In light of the factual background in this case, "[i]t did not take a fortune teller with a well-tuned crystal ball to know that the disclosure of the [third quarter 2004] accounting misstatement would generate at least one private securities class action lawsuit and [potentially further] governmental investigations." Patel[*18] , 2016 U.S. Dist. LEXIS 97241 , [2016 BL 239380], 2016 WL 4030704 , at *3. Accordingly, "in light of the nature of the document[s] and the factual situation in th[is] case, the document[s] can fairly be said to have been prepared or obtained because of the prospect of litigation." Schaeffler, 806 F.3d at 43 (emphasis in original). As such, although these documents may be relevant, the Court finds that the work-product doctrine attaches and that the documents are therefore shielded from discovery.
2. Whether Symbol's Disclosure to the SEC and the Independent Examiner Waived the
Plaintiff asserts that Symbol's disclosures made to the SEC in the wake of the 2004 third quarter revenue overstatement as well as those made to the Independent Examiner served to waive any privilege that may have attached to the documents at issue. Pl.'s Mem. at 14-17. Specifically, Plaintiff asserts that: (1) Symbol's "voluntary disclosure" of "details of the [internal] Investigation to the SEC . . . waived any work product protection that may have existed as to the documents created pursuant to the Investigation. . . .;" and (2) Symbol waived any work product protection through voluntary disclosure to the Independent Examiner concerning the substance of interviews conducted by outside counsel "as well as the mental impressions and theories of the lead attorney. . . ." Id. at 14. The Court will briefly summarize the underlying facts before analyzing the issue of waiver.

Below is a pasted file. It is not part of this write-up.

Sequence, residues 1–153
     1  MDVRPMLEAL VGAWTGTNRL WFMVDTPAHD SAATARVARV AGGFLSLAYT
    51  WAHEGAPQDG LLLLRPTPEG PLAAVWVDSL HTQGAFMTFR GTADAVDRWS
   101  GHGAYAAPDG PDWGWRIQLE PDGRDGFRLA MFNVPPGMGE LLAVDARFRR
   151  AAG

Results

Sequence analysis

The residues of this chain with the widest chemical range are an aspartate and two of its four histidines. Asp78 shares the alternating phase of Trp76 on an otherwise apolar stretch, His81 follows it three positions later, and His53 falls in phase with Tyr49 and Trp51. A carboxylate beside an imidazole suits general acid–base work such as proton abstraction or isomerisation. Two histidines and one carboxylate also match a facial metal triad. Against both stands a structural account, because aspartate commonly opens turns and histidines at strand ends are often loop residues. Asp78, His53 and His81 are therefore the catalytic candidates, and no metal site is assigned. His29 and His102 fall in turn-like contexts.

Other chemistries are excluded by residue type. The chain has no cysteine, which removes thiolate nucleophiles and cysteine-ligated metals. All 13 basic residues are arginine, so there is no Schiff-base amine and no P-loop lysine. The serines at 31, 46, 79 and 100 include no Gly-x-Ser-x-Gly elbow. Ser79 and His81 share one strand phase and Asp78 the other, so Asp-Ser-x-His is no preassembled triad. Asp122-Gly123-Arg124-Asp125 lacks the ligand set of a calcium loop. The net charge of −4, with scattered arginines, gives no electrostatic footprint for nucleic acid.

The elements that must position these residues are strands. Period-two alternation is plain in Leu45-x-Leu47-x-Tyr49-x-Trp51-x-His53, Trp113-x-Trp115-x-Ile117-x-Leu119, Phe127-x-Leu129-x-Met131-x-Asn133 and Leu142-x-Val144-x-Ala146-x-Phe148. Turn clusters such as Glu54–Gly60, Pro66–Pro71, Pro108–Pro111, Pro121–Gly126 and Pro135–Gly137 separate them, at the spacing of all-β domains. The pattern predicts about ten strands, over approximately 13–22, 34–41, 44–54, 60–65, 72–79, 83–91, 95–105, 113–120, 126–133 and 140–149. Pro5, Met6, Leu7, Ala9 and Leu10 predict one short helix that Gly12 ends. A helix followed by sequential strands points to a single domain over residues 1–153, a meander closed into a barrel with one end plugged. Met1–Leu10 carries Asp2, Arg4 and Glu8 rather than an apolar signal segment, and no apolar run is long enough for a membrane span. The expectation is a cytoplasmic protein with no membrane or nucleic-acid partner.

On November 5, 2014, in accordance with the terms of the non-prosecution agreement and Final Consent Judgment entered into with the U.S. Attorney's Office and SEC respectively, Symbol notified the Independent Examiner about the 2004 third quarter revenue overstatement. Id., Ex. E (November 24, 2004 PowerPoint Presentation to the Government). On November 7, 2014, Symbol voluntarily notified both the SEC and U.S. Attorney of the revenue overstatement. Id. Thereafter, on November 24, 2004, Symbol executives as well as outside counsel from Swidler met with the SEC and the U.S. Attorney's Office in order to review the facts and circumstances surrounding the 2004 third quarter revenue overstatement and to ascertain whether there was any indication of a more widespread accounting issue. See Wernke Decl., Ex. E (November 24, 2004 PowerPoint Presentation to the Government). In addition, on January 7, 2005, Symbol submitted a confidential memorandum to the SEC in response to the SEC's "pending informal inquiry regarding Symbol's initial third quarter earnings press release." Id., Ex. C (January 7, 2005 Letter from Symbol to the SEC). The January 7, 2005 submission was made in light of the SEC's "suggestion that it is considering recommending . . . [that] Symbol [be held] in civil contempt in connection with the Final Consent Judgment . . . so ordered on June 9, 2004." Id. Subsequently, on June 29, 2015, Symbol submitted another memorandum in "response to the [SEC's] indication that it is considering recommending that . . . a fine [be imposed] upon Symbol in connection with an alleged violation of the Final Consent Judgment . . . so ordered on June 9, 2004." Id., Ex. D (June 29, 2005 Letter from Symbol to the SEC).